The Beards of Comedy will be coming to the Magnetic Field to kick off a two-week tour that will wind all the way to Omaha, Neb,, wrapping up April 8 in Atlanta at the Laughing Skull Festival. The Beards have been described as a fiercely follicled foursome of hilarity to be reckoned with, and as a member of the Beards, I had a rare opportunity to interview myself. I learned a lot about myself that I didn't know I knew.
Joe: What's the most common question you're asked about the Beards of Comedy?
Me: "What happens if one of you shaves?"
Joe: That's a great question. What does happen if one of you shaves?
Me: Well, it's a lame question, especially since I just gave it to you. But that person would be murdered twice and buried alive, which is why no one has shaved in two years. That and because we're in a tour called the Beards of Comedy.
Joe: What's it like doing comedy in your home town of Asheville, for a bunch of hippies?
Me: They're not all hippies; maybe 80 percent. I get nervous they will see a joke they've heard me do before and think, "Hey, I already heard that!" Plus, about 95 percent of them are hippies, so they want everything to be all healing and spiritual. Only one of my jokes has real healing powers, so I'll probably close with that.
Joe: You don't do all new material? I thought everything a comedian did was spontaneous, like how Jon Stewart just riffs on The Daily Show.
Me: Okay, well Jon Stewart has a staff of writers, just like anyone on TV, and they run through the entire show beforehand. But the reason you can't do all new material is because you want to put on a good show, and if you're always doing new material, it means you'll have a lot of misses.
Joe: By "you" do you mean "you," or do you mean "me?"
Me: I mean second person "you," as in anyone.
Joe: So you're saying any random person can do new material at a Beards of Comedy show? That seems like a recipe for disaster.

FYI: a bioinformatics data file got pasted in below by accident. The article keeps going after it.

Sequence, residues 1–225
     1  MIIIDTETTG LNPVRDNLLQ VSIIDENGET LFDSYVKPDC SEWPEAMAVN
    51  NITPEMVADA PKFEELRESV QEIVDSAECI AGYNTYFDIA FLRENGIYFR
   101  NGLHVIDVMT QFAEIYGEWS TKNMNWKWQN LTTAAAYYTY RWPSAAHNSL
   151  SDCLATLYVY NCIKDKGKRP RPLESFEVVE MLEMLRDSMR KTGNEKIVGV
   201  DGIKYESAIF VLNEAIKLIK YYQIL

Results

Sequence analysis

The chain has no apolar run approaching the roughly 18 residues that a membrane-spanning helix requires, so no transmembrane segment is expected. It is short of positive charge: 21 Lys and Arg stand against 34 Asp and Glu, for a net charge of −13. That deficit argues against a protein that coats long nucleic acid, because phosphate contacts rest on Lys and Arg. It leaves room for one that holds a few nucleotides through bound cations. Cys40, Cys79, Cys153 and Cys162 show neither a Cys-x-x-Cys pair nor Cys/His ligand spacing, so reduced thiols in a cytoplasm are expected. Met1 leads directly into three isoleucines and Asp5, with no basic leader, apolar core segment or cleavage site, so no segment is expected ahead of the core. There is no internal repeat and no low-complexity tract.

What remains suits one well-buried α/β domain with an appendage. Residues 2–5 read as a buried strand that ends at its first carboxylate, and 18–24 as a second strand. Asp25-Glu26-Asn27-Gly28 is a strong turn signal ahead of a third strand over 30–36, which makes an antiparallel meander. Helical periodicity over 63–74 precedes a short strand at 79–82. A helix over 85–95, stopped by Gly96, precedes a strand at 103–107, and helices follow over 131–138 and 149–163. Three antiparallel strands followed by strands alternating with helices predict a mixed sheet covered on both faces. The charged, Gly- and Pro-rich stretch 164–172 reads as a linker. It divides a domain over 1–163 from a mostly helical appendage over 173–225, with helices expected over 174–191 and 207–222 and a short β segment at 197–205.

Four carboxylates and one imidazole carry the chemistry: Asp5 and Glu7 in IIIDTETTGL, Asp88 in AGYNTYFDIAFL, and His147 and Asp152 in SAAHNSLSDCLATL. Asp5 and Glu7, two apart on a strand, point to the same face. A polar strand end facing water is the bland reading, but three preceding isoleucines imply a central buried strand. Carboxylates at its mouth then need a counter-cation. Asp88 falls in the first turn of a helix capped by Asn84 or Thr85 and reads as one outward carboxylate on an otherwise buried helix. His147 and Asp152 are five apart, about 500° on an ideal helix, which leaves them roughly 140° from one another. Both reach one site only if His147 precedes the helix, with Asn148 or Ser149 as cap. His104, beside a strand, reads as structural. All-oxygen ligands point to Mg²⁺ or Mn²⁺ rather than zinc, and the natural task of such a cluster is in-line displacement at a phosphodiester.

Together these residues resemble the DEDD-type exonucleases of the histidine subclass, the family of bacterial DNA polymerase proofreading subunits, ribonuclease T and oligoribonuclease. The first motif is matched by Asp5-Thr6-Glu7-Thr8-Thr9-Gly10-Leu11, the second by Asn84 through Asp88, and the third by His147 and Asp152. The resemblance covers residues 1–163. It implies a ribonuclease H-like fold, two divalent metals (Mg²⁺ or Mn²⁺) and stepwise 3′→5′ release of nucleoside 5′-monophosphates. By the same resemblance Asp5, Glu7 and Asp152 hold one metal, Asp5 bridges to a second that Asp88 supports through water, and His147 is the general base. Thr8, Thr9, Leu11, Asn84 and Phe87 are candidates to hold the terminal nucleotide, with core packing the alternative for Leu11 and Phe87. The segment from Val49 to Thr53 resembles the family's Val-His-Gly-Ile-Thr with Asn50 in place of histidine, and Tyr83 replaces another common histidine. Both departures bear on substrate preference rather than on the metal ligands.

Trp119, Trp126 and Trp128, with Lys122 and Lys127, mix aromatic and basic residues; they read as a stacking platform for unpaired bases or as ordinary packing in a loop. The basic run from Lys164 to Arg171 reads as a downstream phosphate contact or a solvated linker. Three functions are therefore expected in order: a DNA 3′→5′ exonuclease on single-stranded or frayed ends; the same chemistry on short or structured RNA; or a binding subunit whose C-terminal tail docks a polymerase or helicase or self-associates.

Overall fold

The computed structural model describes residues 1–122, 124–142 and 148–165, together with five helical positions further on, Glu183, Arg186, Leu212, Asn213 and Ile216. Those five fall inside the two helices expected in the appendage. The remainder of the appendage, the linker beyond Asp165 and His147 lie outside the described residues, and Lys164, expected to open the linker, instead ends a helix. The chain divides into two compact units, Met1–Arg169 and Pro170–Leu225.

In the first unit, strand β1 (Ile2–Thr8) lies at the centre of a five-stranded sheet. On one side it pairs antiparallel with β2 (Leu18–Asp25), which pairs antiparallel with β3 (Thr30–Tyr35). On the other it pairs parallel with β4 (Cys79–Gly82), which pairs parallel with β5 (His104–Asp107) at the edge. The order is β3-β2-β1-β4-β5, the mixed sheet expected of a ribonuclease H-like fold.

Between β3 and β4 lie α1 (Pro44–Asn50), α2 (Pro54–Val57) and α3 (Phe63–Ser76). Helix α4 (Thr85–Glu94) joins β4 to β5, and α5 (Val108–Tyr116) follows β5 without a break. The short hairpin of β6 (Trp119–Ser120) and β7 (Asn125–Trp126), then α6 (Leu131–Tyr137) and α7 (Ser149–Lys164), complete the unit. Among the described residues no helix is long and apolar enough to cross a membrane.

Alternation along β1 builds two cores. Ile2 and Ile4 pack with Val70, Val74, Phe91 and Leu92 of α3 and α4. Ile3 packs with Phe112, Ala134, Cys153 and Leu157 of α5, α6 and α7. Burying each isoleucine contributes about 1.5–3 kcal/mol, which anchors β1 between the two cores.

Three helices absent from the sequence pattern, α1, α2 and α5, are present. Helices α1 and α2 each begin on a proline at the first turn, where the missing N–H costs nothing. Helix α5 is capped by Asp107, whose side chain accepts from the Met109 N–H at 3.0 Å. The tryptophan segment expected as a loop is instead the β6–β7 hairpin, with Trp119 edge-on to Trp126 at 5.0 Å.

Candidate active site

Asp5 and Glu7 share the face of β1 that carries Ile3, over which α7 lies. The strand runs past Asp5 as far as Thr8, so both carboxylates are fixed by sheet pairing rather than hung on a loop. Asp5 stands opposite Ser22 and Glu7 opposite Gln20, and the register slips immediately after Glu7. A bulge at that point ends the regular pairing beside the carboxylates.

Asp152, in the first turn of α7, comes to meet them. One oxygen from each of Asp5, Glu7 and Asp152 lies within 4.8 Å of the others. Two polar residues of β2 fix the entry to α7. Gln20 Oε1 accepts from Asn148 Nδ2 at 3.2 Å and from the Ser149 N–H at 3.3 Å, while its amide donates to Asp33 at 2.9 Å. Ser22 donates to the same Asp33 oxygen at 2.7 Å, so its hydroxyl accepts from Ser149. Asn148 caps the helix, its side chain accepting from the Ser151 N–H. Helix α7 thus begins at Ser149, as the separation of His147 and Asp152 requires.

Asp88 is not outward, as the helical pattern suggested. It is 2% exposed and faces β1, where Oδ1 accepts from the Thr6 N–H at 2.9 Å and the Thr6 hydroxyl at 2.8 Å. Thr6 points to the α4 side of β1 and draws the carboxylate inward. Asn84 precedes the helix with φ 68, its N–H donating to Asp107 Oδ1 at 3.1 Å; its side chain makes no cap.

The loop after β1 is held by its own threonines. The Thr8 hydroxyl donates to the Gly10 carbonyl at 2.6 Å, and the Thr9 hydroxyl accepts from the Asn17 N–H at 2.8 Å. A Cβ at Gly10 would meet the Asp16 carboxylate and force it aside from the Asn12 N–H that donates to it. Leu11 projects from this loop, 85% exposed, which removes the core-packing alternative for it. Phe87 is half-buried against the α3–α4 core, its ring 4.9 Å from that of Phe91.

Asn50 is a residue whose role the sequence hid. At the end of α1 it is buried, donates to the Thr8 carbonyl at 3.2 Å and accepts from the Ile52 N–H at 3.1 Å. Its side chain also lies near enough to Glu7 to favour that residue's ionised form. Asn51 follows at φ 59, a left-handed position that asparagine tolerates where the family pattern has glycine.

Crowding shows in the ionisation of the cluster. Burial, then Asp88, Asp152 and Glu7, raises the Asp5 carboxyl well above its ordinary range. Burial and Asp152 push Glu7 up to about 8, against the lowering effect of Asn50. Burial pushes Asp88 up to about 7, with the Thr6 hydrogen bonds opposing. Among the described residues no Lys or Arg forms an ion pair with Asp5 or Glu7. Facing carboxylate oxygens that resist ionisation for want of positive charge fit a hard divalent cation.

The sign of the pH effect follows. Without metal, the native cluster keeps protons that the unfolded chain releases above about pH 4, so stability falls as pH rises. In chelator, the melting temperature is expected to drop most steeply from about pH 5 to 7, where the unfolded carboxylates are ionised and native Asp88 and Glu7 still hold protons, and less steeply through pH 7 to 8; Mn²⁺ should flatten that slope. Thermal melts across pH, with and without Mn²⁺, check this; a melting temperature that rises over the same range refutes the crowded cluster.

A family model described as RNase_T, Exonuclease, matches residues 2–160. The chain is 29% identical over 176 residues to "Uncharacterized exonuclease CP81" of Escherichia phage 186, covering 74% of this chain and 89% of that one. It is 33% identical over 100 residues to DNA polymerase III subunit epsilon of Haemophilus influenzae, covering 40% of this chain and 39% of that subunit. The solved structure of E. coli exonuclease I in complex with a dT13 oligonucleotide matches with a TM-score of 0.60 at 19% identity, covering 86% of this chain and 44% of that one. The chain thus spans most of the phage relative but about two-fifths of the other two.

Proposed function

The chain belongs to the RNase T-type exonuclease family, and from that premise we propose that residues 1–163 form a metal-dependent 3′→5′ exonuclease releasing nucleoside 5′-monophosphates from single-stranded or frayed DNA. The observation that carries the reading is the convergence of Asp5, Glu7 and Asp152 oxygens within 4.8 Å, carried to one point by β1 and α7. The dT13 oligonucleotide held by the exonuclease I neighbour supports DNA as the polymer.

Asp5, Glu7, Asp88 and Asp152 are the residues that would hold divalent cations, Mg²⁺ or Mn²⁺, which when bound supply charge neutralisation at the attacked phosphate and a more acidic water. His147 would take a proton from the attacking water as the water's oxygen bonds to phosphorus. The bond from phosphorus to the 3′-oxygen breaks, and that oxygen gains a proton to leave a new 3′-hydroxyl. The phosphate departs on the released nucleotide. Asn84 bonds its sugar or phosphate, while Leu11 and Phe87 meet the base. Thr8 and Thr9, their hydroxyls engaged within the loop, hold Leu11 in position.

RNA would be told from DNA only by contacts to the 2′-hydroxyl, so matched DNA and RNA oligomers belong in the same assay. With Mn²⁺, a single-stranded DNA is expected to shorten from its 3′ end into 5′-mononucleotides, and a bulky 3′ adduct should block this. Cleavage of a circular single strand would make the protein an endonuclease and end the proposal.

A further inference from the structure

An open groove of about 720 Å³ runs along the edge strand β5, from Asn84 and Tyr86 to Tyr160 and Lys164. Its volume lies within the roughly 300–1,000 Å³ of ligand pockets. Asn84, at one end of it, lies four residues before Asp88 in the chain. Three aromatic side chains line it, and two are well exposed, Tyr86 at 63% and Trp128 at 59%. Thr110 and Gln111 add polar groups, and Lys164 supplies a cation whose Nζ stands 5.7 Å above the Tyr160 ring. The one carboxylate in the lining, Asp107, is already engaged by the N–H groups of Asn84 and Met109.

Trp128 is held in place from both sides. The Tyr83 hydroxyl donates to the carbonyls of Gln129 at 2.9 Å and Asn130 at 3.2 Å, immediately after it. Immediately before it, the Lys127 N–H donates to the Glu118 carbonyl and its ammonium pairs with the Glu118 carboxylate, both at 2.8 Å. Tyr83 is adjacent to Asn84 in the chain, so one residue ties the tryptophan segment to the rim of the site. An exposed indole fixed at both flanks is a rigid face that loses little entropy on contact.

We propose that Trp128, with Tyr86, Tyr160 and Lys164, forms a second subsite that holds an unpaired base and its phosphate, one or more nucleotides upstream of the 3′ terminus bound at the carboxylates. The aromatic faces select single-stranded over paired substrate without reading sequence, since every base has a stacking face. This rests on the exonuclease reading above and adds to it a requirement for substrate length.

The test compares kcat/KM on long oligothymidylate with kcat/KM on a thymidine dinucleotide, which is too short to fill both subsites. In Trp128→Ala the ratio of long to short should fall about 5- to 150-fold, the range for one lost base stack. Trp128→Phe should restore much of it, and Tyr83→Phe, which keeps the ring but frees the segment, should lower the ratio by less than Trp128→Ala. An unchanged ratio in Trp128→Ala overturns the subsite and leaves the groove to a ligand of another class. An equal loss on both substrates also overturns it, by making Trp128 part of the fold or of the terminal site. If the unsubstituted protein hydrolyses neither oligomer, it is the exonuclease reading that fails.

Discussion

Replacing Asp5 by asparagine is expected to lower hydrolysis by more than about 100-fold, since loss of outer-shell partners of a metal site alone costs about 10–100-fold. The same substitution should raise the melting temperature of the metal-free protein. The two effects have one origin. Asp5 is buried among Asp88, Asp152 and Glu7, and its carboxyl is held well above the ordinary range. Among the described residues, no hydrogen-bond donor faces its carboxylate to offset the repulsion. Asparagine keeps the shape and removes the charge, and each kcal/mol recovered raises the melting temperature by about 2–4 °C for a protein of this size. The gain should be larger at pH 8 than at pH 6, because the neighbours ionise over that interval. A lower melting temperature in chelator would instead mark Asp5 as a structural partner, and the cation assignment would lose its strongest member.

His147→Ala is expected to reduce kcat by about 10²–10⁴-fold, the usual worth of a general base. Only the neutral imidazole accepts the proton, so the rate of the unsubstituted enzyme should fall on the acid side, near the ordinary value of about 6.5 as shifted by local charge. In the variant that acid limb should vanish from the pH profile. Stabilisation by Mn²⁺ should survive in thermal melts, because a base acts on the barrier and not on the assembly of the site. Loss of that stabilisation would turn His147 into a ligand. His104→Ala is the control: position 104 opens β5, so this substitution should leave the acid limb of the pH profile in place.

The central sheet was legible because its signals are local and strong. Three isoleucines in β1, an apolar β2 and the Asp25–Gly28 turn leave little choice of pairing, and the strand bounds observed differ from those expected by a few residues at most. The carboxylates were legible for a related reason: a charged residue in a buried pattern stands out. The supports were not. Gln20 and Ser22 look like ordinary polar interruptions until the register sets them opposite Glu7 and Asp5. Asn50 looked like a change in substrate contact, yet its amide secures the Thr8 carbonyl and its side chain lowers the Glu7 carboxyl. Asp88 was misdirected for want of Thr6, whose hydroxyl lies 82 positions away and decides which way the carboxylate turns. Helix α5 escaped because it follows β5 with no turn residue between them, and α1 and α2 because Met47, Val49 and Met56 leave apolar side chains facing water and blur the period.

Me: No. It's just the Beards of Comedy performing, plus special guest Cary Goff. There will be no random people off the street doing new material.
Joe: You said if you do new material, it means you have a lot more misses, what does that mean?
Me: Oh, like when you swing and miss. It's a baseball analogy for striking out.
Joe: Strikes aren't good?
Me: Not if you're the batter.
Joe: Wouldn't you be the pitcher? Aren't you metaphorically "pitching" your "jokes."
Me: You don't need to put "jokes" in quotation marks, it sounds like you're mocking me. It could also mean missing the strike zone. I don't want to throw a lot of balls.
Joe: So by telling your old worn-out jokes, you're like the relief pitcher for the Giants, with the big beard, who wins championships? The "Fear the Beard" guy.
Me: They're not necessarily worn-out jokes but yes, you could say I'm trying to be more like Brian Wilson for the Giants. He wouldn't try some new grip on a curve ball with the World Series on the line.
Joe: So in this analogy, you want the audience to strike out and lose.
Me: I want the audience to have a great time.
Joe: Then why not let them score some runs? It sounds like you want to beat the audience with your jokes.
Me: Maybe it's more like a game of tennis, where you want to keep a volley going as long as possible, and then you both win.
Joe: That sounds terrible.
Me: Fine, don't go.
Joe: Maybe I won't.
Regardless of Joe's presence at the show, there will be at least three other Beards to carry the performance, along with Asheville's own Cary Goff. The Beards are four stand up comedians who have combined forces to create a dynamic stand-up comedy show that implements elements of sketch, improv and even music. Clips, reviews, blog, calendar and video shorts at BeardsofComedy.com.
what: Beards of Comedy
where: Magnetic Field
when: Tuesday, March 22 (8 p.m. $10. themagneticfield.com)